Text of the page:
No. 4 – “Recently Identified PLG Gene Mutation Found in German Family with HAE, Study Reports

A study described the case of a German family with four members who carried a rare genetic mutation in the plasminogen (PLG) gene (c.988A > G) that has recently been associated with HAE. All those carrying the mutation only started showing disease symptoms — which included swelling of the face, tongue, and larynx (vocal cords) — in adulthood, and all of them responded well to treatment with Firazyr.

No. 3 – “Short-term Use of Ruconest Can Prevent HAE Attacks Triggered by Medical or Dental Work, Study Reports

Our third most-read story of the year reported that short-term use of Ruconest (conestat alfa), a recombinant human C1 inhibitor marketed by Pharming Group, as a preventive treatment can reduce the chances of swelling attacks triggered by medical and dental procedures or by stress in people with HAE.

When Ruconest was administered to 51 patients before a medical procedure or a stressful life situation, 88.6% of them remained attack-free for the following week. Ruconest is approved in the U.S. and EU to treat HAE attacks in adults and adolescents.

No. 2 – “Takhzyro Induces Rapid Resolution of Hereditary Angioedema Attacks, New Data Analysis Shows

An approved inhibitor of plasma kallikrein, Takhzyro (lanadelumab) was found to reduce the number of swelling attacks in patients with HAE, even in early phases of treatment. An analysis of the HELP Phase 3 trial (NCT02586805) showed 300 mg of Takhzyro every two weeks reduced the mean number of monthly HAE attacks by 80%, reduced the frequency of severe HAE attacks, and increased the number of patients who remained attack-free for the first 69 days of treatment compared to a placebo.

Takhzyro, developed by Shire (now part of Takeda), is approved for routine prevention of recurrent swelling attacks in HAE patients in the U.S.Canada, and Europe, and has a recommended starting dose of 300 mg.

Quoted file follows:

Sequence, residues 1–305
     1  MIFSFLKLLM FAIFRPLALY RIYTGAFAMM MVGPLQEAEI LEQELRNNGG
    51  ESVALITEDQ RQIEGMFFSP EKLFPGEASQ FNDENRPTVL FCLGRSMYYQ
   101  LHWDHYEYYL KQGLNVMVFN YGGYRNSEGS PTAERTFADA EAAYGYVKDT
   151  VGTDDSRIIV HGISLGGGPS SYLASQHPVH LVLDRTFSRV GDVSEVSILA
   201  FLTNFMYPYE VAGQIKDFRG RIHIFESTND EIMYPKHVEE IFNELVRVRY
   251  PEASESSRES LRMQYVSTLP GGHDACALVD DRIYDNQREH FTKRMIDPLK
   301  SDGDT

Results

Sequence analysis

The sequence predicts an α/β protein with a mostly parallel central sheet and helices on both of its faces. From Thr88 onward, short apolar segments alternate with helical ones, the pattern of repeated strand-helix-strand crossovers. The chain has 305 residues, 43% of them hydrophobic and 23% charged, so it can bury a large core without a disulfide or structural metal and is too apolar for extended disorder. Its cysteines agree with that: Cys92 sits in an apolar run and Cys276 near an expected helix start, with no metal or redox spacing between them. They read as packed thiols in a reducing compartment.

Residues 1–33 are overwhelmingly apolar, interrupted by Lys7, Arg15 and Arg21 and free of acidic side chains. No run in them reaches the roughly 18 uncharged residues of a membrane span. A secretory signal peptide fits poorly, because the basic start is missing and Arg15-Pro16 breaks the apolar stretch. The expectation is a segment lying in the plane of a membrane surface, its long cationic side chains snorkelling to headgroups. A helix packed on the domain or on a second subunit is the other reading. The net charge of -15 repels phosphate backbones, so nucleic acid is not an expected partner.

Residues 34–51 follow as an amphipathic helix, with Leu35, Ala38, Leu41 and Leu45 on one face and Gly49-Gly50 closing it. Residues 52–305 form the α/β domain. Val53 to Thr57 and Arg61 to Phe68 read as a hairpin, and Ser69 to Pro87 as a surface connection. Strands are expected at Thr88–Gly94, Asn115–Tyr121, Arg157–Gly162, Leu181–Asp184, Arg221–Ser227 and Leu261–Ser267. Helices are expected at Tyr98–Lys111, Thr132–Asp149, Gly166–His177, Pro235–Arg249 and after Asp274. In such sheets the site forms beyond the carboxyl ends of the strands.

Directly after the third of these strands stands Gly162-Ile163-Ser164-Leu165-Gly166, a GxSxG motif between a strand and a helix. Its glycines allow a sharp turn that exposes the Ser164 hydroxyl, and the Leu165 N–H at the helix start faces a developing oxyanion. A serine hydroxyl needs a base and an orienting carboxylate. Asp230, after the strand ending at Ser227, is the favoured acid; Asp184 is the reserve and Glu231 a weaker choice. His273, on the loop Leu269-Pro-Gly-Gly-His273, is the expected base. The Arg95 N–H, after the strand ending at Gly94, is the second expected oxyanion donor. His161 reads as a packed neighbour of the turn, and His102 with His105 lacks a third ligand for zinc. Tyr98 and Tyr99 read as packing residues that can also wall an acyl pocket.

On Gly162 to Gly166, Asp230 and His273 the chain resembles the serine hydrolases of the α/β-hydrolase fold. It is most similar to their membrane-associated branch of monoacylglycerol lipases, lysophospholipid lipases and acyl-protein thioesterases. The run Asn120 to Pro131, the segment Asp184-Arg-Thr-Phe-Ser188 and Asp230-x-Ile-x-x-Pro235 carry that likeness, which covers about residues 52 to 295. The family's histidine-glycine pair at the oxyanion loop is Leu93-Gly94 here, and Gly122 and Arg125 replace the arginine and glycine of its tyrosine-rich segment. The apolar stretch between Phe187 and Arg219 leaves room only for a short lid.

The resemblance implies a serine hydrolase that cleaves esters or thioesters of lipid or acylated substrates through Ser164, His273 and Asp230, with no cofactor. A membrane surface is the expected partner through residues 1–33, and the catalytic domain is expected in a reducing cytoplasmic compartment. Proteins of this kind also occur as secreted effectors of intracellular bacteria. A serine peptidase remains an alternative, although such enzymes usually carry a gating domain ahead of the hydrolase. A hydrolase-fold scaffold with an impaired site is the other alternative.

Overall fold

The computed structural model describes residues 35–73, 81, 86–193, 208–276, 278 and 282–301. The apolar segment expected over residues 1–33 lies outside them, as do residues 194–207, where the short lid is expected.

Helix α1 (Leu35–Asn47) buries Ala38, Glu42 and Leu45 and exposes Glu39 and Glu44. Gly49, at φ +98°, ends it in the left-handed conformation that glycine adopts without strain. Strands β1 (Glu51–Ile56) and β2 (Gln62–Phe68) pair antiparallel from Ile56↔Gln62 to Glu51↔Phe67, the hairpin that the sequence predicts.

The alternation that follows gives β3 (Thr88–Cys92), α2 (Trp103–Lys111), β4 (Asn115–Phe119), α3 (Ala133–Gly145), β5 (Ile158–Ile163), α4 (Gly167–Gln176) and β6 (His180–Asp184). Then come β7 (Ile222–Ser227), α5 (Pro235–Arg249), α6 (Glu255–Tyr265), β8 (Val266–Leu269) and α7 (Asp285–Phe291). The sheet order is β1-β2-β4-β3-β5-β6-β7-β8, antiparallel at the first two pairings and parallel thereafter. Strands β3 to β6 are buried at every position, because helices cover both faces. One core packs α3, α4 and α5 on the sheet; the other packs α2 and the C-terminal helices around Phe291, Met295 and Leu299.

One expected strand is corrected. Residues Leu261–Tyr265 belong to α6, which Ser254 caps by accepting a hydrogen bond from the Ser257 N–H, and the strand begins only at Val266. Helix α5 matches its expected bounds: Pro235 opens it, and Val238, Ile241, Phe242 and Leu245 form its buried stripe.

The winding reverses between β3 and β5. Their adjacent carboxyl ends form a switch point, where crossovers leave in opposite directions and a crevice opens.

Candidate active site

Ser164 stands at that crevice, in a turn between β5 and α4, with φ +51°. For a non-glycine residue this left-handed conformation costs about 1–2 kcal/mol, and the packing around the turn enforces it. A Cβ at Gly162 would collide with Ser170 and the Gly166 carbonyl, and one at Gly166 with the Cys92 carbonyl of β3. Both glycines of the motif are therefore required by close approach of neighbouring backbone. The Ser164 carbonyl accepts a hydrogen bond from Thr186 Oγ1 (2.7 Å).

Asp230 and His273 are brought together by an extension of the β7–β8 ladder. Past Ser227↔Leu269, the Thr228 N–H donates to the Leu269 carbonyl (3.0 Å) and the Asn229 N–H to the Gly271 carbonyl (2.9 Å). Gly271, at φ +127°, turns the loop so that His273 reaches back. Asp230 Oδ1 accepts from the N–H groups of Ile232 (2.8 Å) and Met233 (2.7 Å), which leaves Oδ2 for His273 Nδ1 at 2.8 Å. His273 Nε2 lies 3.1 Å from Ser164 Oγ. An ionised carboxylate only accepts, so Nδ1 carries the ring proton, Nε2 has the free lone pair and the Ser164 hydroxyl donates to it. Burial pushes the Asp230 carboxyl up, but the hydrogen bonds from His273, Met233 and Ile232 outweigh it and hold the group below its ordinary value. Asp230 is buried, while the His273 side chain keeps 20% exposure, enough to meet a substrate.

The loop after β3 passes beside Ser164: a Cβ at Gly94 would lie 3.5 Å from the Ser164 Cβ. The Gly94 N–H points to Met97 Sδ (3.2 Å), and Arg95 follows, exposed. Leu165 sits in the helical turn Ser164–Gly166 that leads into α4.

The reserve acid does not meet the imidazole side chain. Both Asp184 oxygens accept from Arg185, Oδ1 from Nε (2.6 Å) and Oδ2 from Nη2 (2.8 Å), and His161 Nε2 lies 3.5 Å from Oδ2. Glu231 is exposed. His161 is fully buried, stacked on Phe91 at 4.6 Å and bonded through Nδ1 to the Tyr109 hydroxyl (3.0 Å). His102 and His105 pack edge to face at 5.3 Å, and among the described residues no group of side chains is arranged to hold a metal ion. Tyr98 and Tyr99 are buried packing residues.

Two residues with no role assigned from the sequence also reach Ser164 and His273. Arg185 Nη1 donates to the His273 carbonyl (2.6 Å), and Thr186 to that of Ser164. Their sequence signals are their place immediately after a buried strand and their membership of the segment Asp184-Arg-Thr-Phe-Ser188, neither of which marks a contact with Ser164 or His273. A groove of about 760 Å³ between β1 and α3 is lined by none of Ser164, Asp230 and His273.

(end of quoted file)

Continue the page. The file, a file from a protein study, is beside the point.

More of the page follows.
No. 1 – “Ruconest Can Safely and Effectively Treat Acute HAE Attacks in Children, Phase 2 Trial Shows

Our most-read article of 2019 reported data from an open-label, Phase 2 clinical trial (NCT01359969), where a single dose of Ruconest safely stopped almost all acute attacks (95.9%) in a group of 20 children with HAE. Its effect was also rapid, with children starting to feel relief within a median of one hour after treatment.

Ruconest was found to be safe and well-tolerated. No serious side effects or hypersensitivity reactions to the medication were reported, and none of the children discontinued treatment due to adverse events.

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Angioedema News hopes that these news articles, along with our continued reporting throughout 2020, will help to educate, inform, and improve the lives of those living with angioedema, their family members, and caregivers.

We wish all our readers a happy 2020.

Joana holds a BSc in Biology, a MSc in Evolutionary and Developmental Biology and a PhD in Biomedical Sciences from Universidade de Lisboa, Portugal. Her work has been focused on the impact of non-canonical Wnt signaling in the collective behavior of endothelial cells — cells that made up the lining of blood vessels — found in the umbilical cord of newborns.
Total Posts: 13
Inês holds a PhD in Biomedical Sciences from the University of Lisbon, Portugal, where she specialized in blood vessel biology, blood stem cells, and cancer. Before that, she studied Cell and Molecular Biology at Universidade Nova de Lisboa and worked as a research fellow at Faculdade de Ciências e Tecnologias and Instituto Gulbenkian de Ciência. Inês currently works as a Managing Science Editor, striving to deliver the latest scientific advances to patient communities in a clear and accurate manner.
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Joana holds a BSc in Biology, a MSc in Evolutionary and Developmental Biology and a PhD in Biomedical Sciences from Universidade de Lisboa, Portugal. Her work has been focused on the impact of non-canonical Wnt signaling in the collective behavior of endothelial cells — cells that made up the lining of blood vessels — found in the umbilical cord of newborns.